Monday, February 6, 2012

grave post #6

 This is St Luke's Anglican Church, the first Anglican Church in Halton County. 
St. Luke's is the oldest church in Burlington. The land on which St. Luke's is built was given to Joseph Brant, the famous Native leader, for his services to British-Canadian forces during the American Revolution. Brant, who had been an Anglican since the age of twenty, gave the land to his daughter, Elizabeth, who in turn donated it for the construction of a church, the first of its kind in the area.

Some of the older headstones in the graveyard are in pretty rough shape, but with some, attempts have been made to keep them upright
there are even a few that have birth dates from the 1700s - a rarity in these parts and exciting to find!
an interesting observation is the lack of a surname on Elizabeth's and Sarah's markers - they are listed as being the "wife of"
it also looks as if the stones for both couples were done by different carvers. note the inconsistency of the upper and lower case in Elizabeth's marker and the different styles of dates for the Chisholms' and the variety of fonts on Sarah's marker

for other grave observations, head over to Taphophile Tragics

20 comments:

  1. Golly, me neither. Not many markers here where they were born in the 1700s. Certainly none where they died in the 1700s.

    Some very interesting stuff here, Sanna. I love the moss growing out of the roofline of the church. We don't have quaint timber churches like that here. If they are timber, then they are usually wowser churches and therefore very utilitarian buildings!

    I love what you have thought about the different carving styles. I think Gene will be able to tell us that that hand on Sarah's marker has significance. It is a symbol of some sort. Sarah's mason sure was impressed with the word 'DIED".

    Good move to present them in B&W. Conveys wonderful atmosphere.

    There was another expression that someone mentioned a few weeks back that was used at that time for 'wife of'. It will come to me in the middle of the night. I have seen it here in Sydney in the Camperdown Cemetery.

    Loved the detail in your post today.

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  2. This is very interesting, love the story and love the church. Do they still use it do you know. have a great week. hugs.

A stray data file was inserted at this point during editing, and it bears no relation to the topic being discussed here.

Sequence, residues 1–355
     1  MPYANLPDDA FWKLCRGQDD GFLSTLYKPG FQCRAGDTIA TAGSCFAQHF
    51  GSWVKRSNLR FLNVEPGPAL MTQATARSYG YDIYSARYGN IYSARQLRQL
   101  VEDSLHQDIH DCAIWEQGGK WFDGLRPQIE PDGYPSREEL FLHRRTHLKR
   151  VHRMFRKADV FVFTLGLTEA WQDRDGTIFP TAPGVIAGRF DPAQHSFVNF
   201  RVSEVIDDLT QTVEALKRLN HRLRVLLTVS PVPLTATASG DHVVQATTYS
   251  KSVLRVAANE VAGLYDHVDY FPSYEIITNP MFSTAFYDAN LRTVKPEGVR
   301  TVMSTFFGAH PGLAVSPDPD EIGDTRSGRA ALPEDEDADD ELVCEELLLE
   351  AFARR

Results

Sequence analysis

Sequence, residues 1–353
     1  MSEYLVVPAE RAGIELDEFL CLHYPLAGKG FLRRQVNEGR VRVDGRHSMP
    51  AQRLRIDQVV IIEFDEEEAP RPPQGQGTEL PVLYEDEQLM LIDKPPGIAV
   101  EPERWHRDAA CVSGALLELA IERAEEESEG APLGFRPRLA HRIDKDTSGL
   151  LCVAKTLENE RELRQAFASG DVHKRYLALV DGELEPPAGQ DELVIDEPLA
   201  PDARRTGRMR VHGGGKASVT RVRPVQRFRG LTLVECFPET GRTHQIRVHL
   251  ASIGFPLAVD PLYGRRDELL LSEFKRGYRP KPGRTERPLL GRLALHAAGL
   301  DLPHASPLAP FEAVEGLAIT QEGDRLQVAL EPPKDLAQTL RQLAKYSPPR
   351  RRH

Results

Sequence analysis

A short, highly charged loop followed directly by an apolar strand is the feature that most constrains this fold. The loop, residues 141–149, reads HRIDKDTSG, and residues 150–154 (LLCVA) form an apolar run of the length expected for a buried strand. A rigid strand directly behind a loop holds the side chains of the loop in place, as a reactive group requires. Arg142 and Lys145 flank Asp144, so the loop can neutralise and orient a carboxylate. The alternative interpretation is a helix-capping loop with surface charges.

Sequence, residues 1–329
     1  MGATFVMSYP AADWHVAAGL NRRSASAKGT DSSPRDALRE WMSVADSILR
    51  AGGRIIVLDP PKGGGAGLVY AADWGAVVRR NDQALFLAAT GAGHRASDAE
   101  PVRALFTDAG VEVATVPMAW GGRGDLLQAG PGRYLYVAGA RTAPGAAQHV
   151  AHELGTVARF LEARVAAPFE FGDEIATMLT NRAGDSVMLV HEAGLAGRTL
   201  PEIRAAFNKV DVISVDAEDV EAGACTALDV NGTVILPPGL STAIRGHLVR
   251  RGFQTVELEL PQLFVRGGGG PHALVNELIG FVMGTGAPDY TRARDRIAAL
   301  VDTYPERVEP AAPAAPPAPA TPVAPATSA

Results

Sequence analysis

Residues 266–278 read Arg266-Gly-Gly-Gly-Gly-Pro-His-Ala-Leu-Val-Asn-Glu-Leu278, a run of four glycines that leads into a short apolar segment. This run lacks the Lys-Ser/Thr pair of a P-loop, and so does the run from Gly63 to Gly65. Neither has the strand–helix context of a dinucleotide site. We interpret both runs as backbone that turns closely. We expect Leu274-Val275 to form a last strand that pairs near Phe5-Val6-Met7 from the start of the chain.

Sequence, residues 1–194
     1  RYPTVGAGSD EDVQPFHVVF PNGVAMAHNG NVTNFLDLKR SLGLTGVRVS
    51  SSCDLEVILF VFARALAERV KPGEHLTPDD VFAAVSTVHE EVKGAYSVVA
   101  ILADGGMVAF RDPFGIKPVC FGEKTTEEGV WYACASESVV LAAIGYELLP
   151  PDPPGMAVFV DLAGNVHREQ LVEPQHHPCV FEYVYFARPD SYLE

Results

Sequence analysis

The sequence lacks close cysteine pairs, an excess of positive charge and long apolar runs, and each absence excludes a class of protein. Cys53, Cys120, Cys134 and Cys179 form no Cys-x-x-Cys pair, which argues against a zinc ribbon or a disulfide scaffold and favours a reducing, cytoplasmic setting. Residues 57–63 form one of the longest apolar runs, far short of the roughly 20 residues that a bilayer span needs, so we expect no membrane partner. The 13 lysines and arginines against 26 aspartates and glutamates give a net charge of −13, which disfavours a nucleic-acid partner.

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  3. yes, the church is still in use. they also have concerts there quite often.

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  4. Beautiful building for sure...very old. Sarah Wife of Col. Chisholm--I see this on many of the older stones...now a days they have these double stones with the sir name at top and the mans name is always on the left and the woman's on the right Im trying to figure out how that started. I love the B & W photos!!

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  5. Great cemetery shots. The b&w gives them such atmosphere.

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  6. A truly historical church and churchyard.

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  7. I love the classic design of this old church. How wonderful that it is still with us today looking over its worshipper from the past.

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  8. Lucky you, a 1765 date! I must start branching out to see other cemeteries.

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  9. A 1765 date is going a long way back .. I haven't found anything that early here mainly mid 1800's.
    The little church is a beauty!

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  10. Beautiful B&W captures of this historic cemetery!

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  11. Wow, that's really old - I never get tired of old grave markers. I guess they are sad, but also somehow comforting to me.

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  12. Interestingly, I feel almost dispassionate about grave markers. I wonder if that is because I have never visited anyone I knew personally? Mostly, I find I am getting excited about the history of the named people.

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  13. Beautiful pictures. I have to say I love the name Augustus Bates, they just don't make names like that any more.

    I am always excited to find a pre 1800 birth or death, but then here in the UK it is slightly more common.

    Herding Cats

    http://seathreepeeo.blogspot.com

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  14. Great finds! I've seen the hand (pointing towards heaven) symbol on graves here. Do you see many symbols on graves there?

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  15. I haven't noticed that many.... but now I probably will!

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  16. Mostly I see them on older graves. Newer ones sometimes put images of things the deceased liked (I saw a child's grave with a dinosaur), but less frequently any symbol besides a religious one (cross, Star of David, etc.)

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  17. Nice photos. I love the one with books and leaves!

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  18. «Louis» always enjoys historical tidbits like this!

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